The Division of Sheriffs is a subdivision of the Rhode Island State Department of Administration. On November 15, 2007, the director of the Department laid off two sheriffs and notified two others that their positions were being eliminated. The basis for the cuts was the “severe financial crisis” affecting the State of Rhode Island.
The Sheriffs sued, contending that they could not be laid off under Rhode Island law. The Rhode Island Supreme Court agreed. The statute governing the appointment of sheriffs provides that the director of the Department of Administration “shall also appoint to each of the counties with the consent of the governor the sheriffs and chief deputy sheriffs to ten-year terms.” The only exception to the ten-year term is that a sheriff may be discharged for just cause. In the eyes of the Court, the statutory language was unambiguous: “It is clear that the sheriffs were all appointed pursuant to the State statute and all received ten-year terms. There is no ambiguity in the use of the phrase ‘ten-year term.’ To probe further into the meaning of the phrase ‘ten-year term’ would be to violate our tenets of statutory construction. Read literally, we conclude that no other meaning can be given to the phrase ‘ten-year term’ and that this statutory provision requires that the sheriffs be allowed to serve a ten-year term.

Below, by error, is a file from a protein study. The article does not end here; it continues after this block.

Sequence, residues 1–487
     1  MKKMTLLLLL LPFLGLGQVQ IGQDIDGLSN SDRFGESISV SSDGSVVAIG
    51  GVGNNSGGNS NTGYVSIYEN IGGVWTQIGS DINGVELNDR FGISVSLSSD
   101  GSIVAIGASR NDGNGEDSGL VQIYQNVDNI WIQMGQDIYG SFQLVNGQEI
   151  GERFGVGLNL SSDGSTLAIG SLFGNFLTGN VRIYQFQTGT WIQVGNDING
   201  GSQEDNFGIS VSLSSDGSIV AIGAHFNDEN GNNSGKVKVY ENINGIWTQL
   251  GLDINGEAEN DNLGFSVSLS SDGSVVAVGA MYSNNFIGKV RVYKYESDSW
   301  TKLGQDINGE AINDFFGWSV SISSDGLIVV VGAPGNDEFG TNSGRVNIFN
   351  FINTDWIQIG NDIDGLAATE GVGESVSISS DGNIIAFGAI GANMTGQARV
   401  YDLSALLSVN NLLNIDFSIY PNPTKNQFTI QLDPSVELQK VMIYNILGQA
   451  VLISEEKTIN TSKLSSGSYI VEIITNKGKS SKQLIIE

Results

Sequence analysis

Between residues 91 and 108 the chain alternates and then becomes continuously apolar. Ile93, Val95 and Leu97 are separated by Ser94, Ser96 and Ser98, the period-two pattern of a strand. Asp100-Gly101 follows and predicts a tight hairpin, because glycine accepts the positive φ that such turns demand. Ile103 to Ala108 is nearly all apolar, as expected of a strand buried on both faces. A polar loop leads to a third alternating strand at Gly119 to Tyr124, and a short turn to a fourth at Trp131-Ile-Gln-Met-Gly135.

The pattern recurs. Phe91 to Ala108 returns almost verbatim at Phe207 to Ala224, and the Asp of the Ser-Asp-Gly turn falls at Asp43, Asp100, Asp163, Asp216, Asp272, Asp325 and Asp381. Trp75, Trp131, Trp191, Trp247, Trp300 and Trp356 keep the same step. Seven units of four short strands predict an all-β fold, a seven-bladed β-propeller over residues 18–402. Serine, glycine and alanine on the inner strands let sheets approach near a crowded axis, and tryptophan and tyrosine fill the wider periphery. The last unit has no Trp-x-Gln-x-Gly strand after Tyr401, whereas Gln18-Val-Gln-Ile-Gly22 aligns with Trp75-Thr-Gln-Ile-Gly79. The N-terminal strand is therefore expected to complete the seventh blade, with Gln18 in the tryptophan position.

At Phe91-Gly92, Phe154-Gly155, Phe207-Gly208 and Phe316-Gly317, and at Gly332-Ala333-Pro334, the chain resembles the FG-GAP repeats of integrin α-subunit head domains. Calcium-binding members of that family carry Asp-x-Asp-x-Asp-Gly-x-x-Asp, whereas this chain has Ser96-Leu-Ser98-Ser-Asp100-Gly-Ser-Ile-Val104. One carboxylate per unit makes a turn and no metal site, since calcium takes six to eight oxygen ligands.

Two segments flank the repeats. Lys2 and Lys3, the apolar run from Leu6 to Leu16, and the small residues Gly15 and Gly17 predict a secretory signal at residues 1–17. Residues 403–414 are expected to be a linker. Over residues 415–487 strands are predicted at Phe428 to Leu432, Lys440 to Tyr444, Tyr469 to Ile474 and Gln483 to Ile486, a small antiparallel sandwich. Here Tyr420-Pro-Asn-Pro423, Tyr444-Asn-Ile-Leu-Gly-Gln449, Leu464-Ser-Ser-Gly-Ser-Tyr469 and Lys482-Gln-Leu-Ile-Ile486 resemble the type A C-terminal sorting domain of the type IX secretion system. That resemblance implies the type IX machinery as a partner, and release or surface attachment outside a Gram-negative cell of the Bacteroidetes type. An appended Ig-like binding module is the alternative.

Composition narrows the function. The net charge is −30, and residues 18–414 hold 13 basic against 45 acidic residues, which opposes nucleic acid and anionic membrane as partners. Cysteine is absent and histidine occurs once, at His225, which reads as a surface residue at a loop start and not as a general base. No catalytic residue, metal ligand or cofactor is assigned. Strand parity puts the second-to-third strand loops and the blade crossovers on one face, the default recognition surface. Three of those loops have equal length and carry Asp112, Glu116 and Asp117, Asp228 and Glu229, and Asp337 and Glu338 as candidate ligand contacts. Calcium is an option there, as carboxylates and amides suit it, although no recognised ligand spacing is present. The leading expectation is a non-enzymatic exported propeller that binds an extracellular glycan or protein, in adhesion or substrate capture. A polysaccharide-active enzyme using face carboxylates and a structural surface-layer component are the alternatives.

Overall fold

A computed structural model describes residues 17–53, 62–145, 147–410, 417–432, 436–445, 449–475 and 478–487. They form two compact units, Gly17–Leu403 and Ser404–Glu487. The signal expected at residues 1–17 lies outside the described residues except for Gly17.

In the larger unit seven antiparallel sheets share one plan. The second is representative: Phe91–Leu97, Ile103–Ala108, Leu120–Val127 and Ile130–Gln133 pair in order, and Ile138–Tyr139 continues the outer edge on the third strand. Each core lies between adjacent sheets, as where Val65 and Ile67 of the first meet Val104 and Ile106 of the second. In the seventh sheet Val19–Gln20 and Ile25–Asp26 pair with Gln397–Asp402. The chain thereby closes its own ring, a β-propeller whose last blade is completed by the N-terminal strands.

“The Legislature could have given the sheriffs an indefinite term of employment or vested them with tenure in their positions; instead, it provided the sheriffs with the specific term of ten years, protecting them in their employment for that particular length of time.”
Castelli v. Carcieri, 961 A.2d 277 (R.I. 2008).
This article appears in the February 2009 issue